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Chimp’s owner won’t be charged over attack

A woman who owned a chimpanzee that mauled and blinded a woman won’t be charged because there’s no evidence she knowingly disregarded any risk the animal posed, a prosecutor says.


State’s Lawyer David Cohen said on Monday it wasn’t evident that Sandra Herold of Stamford had been deliberately reckless in handling the animal.

The 91-kilogram chimpanzee went berserk in February after Herold asked Charla Nash to help lure him back into her house. The animal ripped off Nash’s hands, nose, lips and eyelids.

Cohen said that there was no record of the animal attacking anyone previously, and that it had interacted with Nash many times before the attack.

The decision not to file charges “does not in any way minimise the horror that we all feel with what occurred and with the horrendous injuries suffered by Ms. Nash,” Cohen said. “Our prayers go out to her and her family.”

Messages were left for lawyers for Herold and Nash, who revealed her heavily disfigured face last month on “The Oprah Winfrey Show.”

Nash’s family is suing Herold for $US50 million ($A54.7 million) and wants to sue the state for $US150 million ($A164.1 million).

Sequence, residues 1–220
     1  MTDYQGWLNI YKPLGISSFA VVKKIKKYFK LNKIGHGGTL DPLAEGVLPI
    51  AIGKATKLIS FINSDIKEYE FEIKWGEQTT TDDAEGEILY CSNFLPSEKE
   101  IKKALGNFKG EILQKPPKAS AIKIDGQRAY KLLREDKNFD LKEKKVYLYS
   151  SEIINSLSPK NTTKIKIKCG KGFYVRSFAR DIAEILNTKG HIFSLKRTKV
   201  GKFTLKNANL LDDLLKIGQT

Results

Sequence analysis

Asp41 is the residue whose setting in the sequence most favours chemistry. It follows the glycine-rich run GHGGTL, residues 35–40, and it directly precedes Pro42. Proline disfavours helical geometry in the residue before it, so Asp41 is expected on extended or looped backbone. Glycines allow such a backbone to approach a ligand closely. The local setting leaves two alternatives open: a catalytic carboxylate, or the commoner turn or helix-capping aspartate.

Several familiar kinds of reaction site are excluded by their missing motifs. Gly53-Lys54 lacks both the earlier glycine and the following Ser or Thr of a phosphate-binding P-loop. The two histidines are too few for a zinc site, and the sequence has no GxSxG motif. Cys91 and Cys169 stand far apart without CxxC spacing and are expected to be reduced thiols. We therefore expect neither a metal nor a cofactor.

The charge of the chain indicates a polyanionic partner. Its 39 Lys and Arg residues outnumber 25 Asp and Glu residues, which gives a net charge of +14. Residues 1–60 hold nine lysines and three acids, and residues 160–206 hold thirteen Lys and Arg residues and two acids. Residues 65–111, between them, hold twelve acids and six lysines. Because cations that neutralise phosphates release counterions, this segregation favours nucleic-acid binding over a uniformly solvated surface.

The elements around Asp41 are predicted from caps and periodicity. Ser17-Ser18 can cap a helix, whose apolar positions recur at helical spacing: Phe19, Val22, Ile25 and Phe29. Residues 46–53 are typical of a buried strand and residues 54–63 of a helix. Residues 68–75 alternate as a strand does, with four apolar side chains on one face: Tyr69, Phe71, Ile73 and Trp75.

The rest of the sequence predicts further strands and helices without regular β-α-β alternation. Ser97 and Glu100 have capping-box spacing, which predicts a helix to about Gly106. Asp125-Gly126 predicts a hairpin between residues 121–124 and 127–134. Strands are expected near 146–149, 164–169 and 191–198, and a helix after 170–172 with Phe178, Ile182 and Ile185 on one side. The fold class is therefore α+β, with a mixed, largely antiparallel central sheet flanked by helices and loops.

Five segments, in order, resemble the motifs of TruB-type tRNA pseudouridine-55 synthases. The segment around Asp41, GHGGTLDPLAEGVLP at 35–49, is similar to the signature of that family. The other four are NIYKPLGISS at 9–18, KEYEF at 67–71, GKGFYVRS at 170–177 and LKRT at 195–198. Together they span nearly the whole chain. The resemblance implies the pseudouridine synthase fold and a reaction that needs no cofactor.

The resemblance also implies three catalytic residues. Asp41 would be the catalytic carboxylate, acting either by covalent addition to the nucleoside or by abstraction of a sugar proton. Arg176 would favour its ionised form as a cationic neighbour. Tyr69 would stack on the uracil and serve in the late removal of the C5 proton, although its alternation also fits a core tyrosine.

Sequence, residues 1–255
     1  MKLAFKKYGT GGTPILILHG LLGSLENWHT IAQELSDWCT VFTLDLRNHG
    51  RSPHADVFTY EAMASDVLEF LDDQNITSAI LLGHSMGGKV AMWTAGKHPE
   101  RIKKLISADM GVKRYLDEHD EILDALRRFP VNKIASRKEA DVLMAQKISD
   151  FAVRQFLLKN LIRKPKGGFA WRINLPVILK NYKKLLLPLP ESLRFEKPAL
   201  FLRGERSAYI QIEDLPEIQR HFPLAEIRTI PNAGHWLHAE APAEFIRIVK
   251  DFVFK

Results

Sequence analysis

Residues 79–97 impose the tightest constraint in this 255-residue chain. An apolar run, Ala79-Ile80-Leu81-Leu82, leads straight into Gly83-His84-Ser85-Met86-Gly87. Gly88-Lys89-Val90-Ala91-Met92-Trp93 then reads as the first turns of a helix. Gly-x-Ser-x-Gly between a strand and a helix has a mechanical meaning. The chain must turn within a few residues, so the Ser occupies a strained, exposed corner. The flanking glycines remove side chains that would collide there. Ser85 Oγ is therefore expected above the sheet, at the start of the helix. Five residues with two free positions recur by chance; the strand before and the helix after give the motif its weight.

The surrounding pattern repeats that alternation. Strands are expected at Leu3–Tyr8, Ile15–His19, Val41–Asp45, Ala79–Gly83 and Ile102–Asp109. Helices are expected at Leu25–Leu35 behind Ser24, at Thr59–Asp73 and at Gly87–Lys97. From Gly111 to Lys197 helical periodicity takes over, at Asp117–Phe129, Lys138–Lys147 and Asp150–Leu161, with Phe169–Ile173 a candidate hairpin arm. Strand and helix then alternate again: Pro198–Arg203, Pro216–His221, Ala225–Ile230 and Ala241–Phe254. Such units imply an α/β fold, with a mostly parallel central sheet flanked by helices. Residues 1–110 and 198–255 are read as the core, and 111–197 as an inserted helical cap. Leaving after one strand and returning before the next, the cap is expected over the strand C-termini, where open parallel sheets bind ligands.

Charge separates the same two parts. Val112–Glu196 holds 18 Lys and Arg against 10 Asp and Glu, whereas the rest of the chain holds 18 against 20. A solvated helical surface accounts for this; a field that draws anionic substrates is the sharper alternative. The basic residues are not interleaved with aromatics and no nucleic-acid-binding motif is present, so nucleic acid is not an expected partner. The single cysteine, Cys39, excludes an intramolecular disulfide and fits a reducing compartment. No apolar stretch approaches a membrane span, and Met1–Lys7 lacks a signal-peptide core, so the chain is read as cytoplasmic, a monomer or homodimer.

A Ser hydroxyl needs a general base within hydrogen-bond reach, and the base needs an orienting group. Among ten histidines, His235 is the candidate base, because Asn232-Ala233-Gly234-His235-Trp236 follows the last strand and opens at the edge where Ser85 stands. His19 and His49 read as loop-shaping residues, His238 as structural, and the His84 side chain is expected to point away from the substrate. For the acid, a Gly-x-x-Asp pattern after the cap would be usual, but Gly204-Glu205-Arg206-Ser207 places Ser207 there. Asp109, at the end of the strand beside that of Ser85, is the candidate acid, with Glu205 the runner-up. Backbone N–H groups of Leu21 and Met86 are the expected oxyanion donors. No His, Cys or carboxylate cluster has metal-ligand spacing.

Nash’s family has said Herold was negligent and reckless for lacking the ability to control “a wild animal with violent propensities.”

A biologist for the state Department of Environmental Protection warned officials before the attack that Travis the chimp could seriously hurt someone if he felt threatened, noting that he was large and strong.

But Cohen said on Monday there’s no evidence those concerns were conveyed to Herold.

Herold’s lawyer has called the attack work-related and said her family’s case should be treated like a workers’ compensation claim.

The strategy, if successful, would limit potential damages in the case and insulate the chimp owner from personal liability.

Test results showed that Travis had the anti-anxiety drug Xanax in his system. Cohen said it is impossible to say what effect, if any, the drug had on the animal.

The chimp, which was shot and killed by police, had also escaped in 2003 from his owner’s car and led police on a chase for hours in downtown Stamford. No one was injured.

Records obtained by The Associated Press through an open-records request show the state began receiving warnings immediately after that event.

Nash’s lawyer has said the environmental department had information for at least five years that would have allowed the agency to remove Travis from the home.

Environmental protection officials have said that during the 13 years Travis was with Herold, the agency received only a few inquiries about the chimp among thousands in general about

possession of wild animals.

They said the memo from the biologist underscored the need for a clear, new law that would forbid ownership of potentially dangerous animals as pets and impose stiff penalties for those possessing them, and they blamed the failure to act on a communications problem and a lack of expertise in exotic animals at the agency.